James Slocum


A random collection of thoughts on a variety of topics

“Installing opus-1.0.1 and libogg-1.3 on Ubuntu 12.04”


Recently I have been looking into Opus, a really awesome audio codec that is optimized for well… everything. It’s good for streaming audio, and storage audio. It can handle high bitrate music, and low bitrate mono voice recordings. The streaming optimizations make it very robust against packet loss which is a huge plus for live audio content. You can find the full specification for the codec in RFC-6716

To install it on ubuntu 12.04, you will need to install it from source.

To compile any software in Ubuntu you must have build-essential installed. You can install that with the apt-get command.

sudo apt-get install build-essential

If you haven’t done so already grab a copy of opus-1.0.1. Extract the files, configure, make, and make install.

tar -zxvf opus-1.0.1.tar.gz
cd opus-1.0.1
./configure --prefix=/usr
sudo make install

If you run into trouble check out the README document.

One you have libopus installed, you will want to install opus-tools to use the reference encoder and decoder provided. However to do this requires that libogg be updated since Ogg is the container of choice for Opus audio. The default version of libogg that ships with Ubuntu is 1.2.2. opus-tools requires version 1.3 or greater. To start grab a fresh copy of libogg-1.3. I already had a copy of libogg-1.2.2 installed and I want to replace it with libogg-1.3. Ubuntu has a strange layout for libraries, so to do that I will install libogg-1.3 like “normal” then copy the new .so file to /usr/lib/x86_64-linux-gnu directory and run ldconfig. This will keep the old library just in case, but update the references to libogg to use the new library.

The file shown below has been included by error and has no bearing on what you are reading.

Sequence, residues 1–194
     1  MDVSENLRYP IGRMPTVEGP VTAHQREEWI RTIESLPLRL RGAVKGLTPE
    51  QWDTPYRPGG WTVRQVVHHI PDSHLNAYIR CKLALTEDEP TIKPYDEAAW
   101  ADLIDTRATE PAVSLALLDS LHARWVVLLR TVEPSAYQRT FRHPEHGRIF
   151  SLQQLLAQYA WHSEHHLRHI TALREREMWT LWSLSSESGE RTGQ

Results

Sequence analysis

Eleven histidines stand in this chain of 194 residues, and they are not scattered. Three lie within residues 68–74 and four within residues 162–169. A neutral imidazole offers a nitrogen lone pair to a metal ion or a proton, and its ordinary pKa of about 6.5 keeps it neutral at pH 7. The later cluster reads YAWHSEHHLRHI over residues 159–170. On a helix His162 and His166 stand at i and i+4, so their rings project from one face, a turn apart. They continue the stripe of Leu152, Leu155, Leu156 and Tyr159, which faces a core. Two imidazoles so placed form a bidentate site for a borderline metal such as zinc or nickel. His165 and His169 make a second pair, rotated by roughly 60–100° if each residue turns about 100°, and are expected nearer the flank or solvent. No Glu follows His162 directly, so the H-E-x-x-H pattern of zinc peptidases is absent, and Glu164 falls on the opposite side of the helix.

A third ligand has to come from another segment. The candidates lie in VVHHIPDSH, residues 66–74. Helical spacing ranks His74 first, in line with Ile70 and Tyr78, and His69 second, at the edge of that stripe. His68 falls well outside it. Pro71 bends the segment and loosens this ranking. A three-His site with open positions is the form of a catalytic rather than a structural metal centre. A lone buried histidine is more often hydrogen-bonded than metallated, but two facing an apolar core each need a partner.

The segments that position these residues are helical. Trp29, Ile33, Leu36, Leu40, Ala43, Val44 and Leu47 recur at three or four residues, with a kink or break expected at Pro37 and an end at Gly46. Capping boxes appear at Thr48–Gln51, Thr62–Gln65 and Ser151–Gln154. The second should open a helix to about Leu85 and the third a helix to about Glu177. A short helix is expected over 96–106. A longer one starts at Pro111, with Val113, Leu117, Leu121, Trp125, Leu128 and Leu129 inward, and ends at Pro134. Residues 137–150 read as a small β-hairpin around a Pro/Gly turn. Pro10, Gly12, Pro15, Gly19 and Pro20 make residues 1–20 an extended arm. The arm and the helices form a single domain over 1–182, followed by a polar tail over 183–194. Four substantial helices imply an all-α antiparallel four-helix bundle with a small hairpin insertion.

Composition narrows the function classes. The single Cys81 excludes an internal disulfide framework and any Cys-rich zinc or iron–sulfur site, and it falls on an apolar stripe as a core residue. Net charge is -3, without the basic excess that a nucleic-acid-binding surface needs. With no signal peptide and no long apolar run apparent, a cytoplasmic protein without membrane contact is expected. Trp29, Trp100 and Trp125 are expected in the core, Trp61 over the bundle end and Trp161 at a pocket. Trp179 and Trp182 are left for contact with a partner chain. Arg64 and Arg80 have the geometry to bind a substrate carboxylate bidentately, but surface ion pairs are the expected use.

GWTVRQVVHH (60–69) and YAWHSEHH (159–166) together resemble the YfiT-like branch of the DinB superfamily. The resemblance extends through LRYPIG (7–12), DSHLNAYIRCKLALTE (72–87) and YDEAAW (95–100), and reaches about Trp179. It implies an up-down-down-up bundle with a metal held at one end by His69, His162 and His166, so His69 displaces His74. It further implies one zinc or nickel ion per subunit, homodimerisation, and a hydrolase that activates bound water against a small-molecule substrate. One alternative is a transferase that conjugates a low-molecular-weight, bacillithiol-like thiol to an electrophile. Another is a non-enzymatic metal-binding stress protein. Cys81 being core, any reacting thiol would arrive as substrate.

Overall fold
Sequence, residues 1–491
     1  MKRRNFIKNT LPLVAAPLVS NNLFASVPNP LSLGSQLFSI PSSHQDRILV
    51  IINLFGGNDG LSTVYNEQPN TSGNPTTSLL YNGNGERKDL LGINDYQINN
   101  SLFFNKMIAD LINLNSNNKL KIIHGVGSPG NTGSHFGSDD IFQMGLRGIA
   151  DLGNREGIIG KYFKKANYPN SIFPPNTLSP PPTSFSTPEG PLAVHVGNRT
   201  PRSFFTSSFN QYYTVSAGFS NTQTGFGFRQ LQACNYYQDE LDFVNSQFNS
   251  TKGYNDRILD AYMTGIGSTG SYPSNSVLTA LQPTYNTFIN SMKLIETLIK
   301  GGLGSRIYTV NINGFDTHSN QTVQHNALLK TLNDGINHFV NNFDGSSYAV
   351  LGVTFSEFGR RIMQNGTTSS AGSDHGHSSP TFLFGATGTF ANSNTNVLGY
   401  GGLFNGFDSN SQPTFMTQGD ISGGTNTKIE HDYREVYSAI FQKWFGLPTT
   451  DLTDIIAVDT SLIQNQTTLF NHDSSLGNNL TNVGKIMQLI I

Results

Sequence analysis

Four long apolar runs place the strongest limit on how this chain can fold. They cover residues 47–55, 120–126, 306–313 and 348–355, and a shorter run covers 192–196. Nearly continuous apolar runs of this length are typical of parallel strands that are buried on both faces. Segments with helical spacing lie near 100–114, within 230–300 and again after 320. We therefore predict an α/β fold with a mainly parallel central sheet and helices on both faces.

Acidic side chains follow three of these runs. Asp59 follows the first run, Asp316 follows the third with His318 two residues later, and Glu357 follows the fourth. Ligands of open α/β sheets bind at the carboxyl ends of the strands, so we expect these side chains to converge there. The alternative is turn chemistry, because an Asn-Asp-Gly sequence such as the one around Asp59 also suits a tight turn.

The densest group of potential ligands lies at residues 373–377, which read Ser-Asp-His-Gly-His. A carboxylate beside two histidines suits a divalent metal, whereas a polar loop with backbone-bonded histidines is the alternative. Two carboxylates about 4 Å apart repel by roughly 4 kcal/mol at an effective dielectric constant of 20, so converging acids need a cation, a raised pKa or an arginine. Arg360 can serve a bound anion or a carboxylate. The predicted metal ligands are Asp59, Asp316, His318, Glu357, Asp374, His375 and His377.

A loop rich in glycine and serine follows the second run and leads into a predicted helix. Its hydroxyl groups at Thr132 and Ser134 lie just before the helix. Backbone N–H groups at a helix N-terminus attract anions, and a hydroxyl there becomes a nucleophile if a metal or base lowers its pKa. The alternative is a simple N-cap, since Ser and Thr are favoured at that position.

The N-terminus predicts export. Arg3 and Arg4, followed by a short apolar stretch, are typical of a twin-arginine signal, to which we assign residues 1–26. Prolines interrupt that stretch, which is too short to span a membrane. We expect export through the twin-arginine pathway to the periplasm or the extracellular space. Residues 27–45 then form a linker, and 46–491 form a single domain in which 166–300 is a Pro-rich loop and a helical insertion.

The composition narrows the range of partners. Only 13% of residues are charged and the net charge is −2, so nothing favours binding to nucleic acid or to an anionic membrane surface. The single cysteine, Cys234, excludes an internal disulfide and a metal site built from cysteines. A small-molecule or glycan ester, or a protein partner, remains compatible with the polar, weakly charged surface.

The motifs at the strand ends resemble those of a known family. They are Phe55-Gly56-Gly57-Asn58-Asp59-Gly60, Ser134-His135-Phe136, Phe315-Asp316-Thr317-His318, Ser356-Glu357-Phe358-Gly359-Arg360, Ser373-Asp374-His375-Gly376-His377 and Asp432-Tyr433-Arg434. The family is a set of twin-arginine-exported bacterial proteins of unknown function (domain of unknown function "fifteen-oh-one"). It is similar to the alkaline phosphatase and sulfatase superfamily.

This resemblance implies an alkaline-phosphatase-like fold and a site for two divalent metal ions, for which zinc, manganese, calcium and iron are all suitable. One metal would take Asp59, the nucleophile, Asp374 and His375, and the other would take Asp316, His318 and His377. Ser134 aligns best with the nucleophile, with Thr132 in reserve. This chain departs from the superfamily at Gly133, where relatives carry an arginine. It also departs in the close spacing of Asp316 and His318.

tar -zxvf libogg-1.3.tar.gz
cd libogg-1.3
./configure --prefix=/usr
sudo make install
cd /usr/lib
cp libogg.so.0.8.0 x86_64-linux-gnu/
sudo ldconfig

Now you should see two versions of libogg (if you already had the default one installed), and libogg.so.0 should point to the newer one.

lrwxrwxrwx 1 root root 15 Nov 26 18:27 libogg.so.0 -> libogg.so.0.8.0
-rwxr-xr-x 1 root root 65971 Nov 26 18:27 libogg.so.0.8.0
-rw-r--r-- 1 root root 26776 Aug 12 2011 libogg.so.0.7.1
-rw-r--r-- 1 root root 26816 Aug 12 2011 libogg.a
lrwxrwxrwx 1 root root 15 Aug 12 2011 libogg.so -> libogg.so.0.7.1

Note: If you didn’t already have a copy of libogg installed, you can skip the last 3 steps in the above instructions.

Now it is possible to compile and install opus-tools. Grab a copy of opus-tools if you haven’t done so already. Then its the usual extract, configure, make, and make install.

tar -zxvf opus-tools-0.1.5.tar.gz
cd opus-tools-0.1.5
sudo make install

Now you should have 3 new tools. opusenc, opusdec, and opusinfo. opusenc is used to encode a wav or raw PCM file into an opus file. opusdec will decode an opus file and either play it out, or you can write the decoded data to a file. opusinfo will tell you about an opus file. I was shocked at sound quality this codec could produce with a low bitrate. I converted a 128Kbps mp3 file to a 48Kbps opus file and could hardly tell the difference.

mpg123 -s "06 - Me And You.mp3" | opusenc --bitrate=48 --raw - "Me and You.opus"

To play this out in ubuntu (which uses pulse audio) you need to use pacat

opusdec “Me and You.opus” - | pacat

Of course converting from an MP3 already leaves you with a lossy source. I recommend converting some native flac files for a better test as flac is a lossless codec. Check out some different bitrates and hear the difference for yourself!

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